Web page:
Is childbirth a risky business?

I’ve been quite shocked recently by some of the information and messages I’ve seen via social media relating to the risks associated with pregnancy and childbirth.

For example, this piece written by Milli Hill states

If you believe everything you read, then you probably think that childbirth is one of the riskiest activities any human can undertake. Actually, it isn’t, and statistically you’re massively more likely to meet your maker behind the wheel of your motor.

Others have re-tweeted the piece and are keen to promote a similar message. Tweeting a graphic from the NHS Choices ‘Atlas of Risk’, Sheena Byrom states

‘Let’s put pregnancy & birth in UK into perspective. It is NOT a risky business’



But let’s look a bit more closely at the figures. In the UK, in 2009 there were 4,125 still born babies and 2,511 neonatal deaths (6,636 in total). This compares with the total number of traffic related deaths in the UK (according to the Atlas of Risk) of 2,680. Sadly, we know that some of these stillbirth and neonatal deaths would be unavoidable, even with the very best midwifery and medical care. But we also know (for example from the 2013 Cumbria confidential maternity inquiry), that many could be avoided. The UK still has very poor perinatal death figures compared with other developed countries.

But these figures alone do not give an accurate perception of relative risk. In the UK, we spend considerably more time travelling on roads than we do in childbirth. The total exposure to the risks of road travel for the whole population is therefore considerably higher.The actual risks associated with childbirth have been scientifically reviewed in this paper published by the International Journal of Obstetrics and Gynecology. The paper found that the relative risk of death on your day of birth in the UK is approximately 430 times the risk associated with a 200 mile car journey.

In a week’s time, I’ll be going on holiday with my family and 2 children and doing a car journey of a similar distance. In preparation, this week I’m going the get the car serviced and I’m going to carefully check the tyre pressures and tread. The night before the journey, I will make sure I get plenty of rest. When we set off, I will check that everyone is wearing their seatbelts properly and I will drive with care, sticking to the speed limit and leaving a good distance between my car and the car in front. My wife and I will have made a conscious choice about the journey; knowing the risks of travelling by car with the people we love the most. Being acutely aware of risks and possible consequences, helps us make informed decisions and better judgements about how we behave.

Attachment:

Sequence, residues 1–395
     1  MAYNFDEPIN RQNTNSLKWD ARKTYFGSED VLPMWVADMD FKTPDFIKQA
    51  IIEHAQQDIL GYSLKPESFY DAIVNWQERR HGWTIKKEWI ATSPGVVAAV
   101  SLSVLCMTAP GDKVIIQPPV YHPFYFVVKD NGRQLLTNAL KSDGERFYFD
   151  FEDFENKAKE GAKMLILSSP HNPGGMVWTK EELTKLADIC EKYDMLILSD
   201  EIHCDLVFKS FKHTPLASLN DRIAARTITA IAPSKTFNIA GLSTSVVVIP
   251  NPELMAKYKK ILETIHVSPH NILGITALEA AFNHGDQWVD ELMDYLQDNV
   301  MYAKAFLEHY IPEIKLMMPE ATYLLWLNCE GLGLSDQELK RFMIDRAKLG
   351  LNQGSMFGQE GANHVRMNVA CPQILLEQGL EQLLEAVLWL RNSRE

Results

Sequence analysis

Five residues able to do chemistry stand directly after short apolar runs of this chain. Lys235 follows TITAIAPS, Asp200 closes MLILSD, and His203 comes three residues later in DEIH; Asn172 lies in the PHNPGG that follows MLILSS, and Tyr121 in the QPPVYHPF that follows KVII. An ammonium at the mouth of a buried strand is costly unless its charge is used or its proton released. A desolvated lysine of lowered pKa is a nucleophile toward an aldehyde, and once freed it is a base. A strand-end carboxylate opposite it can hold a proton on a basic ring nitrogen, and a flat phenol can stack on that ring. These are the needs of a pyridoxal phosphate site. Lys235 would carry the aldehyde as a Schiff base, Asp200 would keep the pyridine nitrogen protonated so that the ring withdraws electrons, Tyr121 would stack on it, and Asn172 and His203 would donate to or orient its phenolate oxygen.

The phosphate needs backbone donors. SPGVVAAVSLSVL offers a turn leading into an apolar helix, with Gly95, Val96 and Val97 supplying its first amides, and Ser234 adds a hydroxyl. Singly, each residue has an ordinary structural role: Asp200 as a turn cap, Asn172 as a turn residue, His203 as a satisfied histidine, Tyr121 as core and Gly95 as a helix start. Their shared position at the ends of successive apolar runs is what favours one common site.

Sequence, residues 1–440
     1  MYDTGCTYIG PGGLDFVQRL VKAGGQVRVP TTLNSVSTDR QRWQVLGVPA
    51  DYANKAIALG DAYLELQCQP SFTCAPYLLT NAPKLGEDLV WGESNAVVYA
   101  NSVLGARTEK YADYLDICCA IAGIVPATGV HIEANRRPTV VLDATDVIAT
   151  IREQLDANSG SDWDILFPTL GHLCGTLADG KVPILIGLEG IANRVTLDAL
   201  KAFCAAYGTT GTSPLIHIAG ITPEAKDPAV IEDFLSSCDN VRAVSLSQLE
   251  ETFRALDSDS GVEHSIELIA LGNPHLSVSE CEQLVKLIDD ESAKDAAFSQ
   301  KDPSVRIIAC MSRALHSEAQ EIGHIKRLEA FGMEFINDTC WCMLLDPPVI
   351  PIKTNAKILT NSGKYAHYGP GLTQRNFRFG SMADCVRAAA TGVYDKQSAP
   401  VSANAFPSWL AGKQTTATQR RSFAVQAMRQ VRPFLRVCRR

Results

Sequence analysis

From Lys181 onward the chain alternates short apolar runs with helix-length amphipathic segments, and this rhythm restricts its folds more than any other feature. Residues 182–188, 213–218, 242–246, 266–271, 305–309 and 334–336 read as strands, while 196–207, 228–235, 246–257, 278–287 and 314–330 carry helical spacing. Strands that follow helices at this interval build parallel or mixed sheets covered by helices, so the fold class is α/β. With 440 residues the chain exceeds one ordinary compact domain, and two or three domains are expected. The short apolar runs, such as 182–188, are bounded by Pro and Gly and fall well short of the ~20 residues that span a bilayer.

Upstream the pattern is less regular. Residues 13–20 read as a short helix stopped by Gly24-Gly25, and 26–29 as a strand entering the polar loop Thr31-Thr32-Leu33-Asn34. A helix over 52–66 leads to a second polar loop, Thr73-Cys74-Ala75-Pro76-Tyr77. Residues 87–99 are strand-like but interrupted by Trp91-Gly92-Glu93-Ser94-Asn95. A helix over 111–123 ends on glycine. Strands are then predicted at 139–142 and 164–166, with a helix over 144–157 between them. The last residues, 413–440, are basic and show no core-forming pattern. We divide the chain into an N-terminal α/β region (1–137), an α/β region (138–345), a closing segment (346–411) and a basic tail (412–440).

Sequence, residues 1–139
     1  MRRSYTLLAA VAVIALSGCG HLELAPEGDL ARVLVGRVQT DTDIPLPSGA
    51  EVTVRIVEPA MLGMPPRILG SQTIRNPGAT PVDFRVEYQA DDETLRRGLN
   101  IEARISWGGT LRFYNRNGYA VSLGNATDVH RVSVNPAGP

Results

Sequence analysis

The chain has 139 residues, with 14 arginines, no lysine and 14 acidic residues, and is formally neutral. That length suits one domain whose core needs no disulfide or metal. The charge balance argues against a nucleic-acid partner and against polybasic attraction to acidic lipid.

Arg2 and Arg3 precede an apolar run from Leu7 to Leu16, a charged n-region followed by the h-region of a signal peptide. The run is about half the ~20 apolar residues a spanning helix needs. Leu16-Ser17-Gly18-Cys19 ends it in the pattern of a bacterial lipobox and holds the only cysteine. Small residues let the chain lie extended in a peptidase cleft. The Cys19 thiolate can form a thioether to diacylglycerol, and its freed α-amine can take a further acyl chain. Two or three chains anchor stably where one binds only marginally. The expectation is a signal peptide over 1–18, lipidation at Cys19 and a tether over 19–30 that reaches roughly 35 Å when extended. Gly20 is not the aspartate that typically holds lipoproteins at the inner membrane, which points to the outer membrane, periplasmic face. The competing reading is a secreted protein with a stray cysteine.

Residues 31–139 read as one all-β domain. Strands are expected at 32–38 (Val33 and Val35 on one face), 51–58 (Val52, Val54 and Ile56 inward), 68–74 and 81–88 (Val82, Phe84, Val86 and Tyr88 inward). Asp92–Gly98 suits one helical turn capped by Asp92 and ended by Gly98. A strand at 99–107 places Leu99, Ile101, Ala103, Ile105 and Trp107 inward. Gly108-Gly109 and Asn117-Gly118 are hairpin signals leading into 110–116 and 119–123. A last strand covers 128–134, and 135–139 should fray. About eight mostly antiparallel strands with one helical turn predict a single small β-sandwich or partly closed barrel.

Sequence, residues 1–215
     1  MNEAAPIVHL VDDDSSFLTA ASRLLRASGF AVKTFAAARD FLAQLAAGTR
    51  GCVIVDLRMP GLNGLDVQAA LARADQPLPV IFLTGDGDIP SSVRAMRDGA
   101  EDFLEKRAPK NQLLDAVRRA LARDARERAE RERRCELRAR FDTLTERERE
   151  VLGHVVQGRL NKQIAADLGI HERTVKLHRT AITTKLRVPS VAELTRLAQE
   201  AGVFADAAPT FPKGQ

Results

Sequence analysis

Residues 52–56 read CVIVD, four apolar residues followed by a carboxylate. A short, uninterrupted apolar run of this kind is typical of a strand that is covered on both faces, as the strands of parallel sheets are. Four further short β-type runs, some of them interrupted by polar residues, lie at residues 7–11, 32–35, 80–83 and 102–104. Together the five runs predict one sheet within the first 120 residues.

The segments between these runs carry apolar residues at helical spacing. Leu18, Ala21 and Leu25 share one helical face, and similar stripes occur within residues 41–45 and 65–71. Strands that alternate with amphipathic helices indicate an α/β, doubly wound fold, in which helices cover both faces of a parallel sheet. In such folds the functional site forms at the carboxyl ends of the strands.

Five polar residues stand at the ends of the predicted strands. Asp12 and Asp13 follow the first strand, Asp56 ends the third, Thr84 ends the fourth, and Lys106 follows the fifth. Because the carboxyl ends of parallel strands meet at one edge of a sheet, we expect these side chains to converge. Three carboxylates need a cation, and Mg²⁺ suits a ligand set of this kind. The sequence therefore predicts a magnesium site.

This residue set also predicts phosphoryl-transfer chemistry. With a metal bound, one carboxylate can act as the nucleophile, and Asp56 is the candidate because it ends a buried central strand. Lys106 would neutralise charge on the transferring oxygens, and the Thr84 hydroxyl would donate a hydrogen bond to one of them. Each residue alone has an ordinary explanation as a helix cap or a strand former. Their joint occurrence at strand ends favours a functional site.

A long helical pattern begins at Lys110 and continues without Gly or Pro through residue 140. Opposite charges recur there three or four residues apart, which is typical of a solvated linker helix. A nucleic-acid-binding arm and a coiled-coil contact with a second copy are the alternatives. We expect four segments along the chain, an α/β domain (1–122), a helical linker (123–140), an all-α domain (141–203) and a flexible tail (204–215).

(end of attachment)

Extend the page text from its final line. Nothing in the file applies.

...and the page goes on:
The truth is that sometimes in pregnancy and childbirth, things can and do go wrong. Sometimes subtle changes, a low temperature in a newborn baby, a fluctuation in a CTG reading, can be a sign that something is seriously wrong and intervention is needed. The truth is that ‘you’ (and this is a collective ‘you’ as we were all once babies in the womb), are not ‘massively more likely to meet your maker behind the wheel of your car’, you are in fact 430 times more likely to die during the process of childbirth than you are during a 200 mile car journey on the UK’s roads. The day of your birth is the most dangerous day of your life up until you reach the age of 92.

Does this mean women should be fearful of childbirth? I don’t think so. But it does mean that midwifes and maternity professionals should not be ignorant of the risks or seek to underplay them. It means that staff providing front line maternity care should be trained and supported in recognising when medical help is needed. It means that we need a culture in maternity services whereby multidisciplinary professionals work collaboratively to ensure mothers are supported in achieving normal birth whenever possible, but which effectively deliver life saving intervention when needed; a culture which isn’t afraid to talk about stillbirth and preventable neonatal death but instead embraces such stories as opportunities to learn, share insights and influence behaviour. Most of all, we need to empower women to make informed choices, based on truthful information and not ignorance

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